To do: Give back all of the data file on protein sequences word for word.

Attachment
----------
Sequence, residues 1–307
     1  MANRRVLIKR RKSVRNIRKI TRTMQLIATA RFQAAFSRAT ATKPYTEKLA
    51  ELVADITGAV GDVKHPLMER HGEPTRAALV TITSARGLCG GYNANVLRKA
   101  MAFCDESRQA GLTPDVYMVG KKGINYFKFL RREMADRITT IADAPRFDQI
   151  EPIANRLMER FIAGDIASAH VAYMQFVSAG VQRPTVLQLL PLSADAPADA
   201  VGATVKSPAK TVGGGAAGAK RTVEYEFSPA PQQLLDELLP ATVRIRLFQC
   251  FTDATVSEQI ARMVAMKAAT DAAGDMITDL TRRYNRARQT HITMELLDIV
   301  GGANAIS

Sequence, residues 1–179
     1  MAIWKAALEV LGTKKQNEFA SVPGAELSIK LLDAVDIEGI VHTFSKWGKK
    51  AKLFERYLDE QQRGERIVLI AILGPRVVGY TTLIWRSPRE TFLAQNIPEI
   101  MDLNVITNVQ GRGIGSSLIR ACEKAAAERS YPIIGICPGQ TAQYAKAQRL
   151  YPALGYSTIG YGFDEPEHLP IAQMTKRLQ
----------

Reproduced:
Sequence, residues 1–307
     1  MANRRVLIKR RKSVRNIRKI TRTMQLIATA RFQAAFSRAT ATKPYTEKLA
    51  ELVADITGAV GDVKHPLMER HGEPTRAALV TITSARGLCG GYNANVLRKA
   101  MAFCDESRQA GLTPDVYMVG KKGINYFKFL RREMADRITT IADAPRFDQI
   151  EPIANRLMER FIAGDIASAH VAYMQFVSAG VQRPTVLQLL PLSADAPADA
   201  VGATVKSPAK TVGGGAAGAK RTVEYEFSPA PQQLLDELLP ATVRIRLFQC
   251  FTDATVSEQI ARMVAMKAAT DAAGDMITDL TRRYNRARQT HITMELLDIV
   301  GGANAIS

Sequence, residues 1–179
     1  MAIWKAALEV LGTKKQNEFA SVPGAELSIK LLDAVDIEGI VHTFSKWGKK
    51  AKLFERYLDE QQRGERIVLI AILGPRVVGY TTLIWRSPRE TFLAQNIPEI
   101  MDLNVITNVQ GRGIGSSLIR ACEKAAAERS YPIIGICPGQ TAQYAKAQRL
   151  YPALGYSTIG YGFDEPEHLP IAQMTKRLQ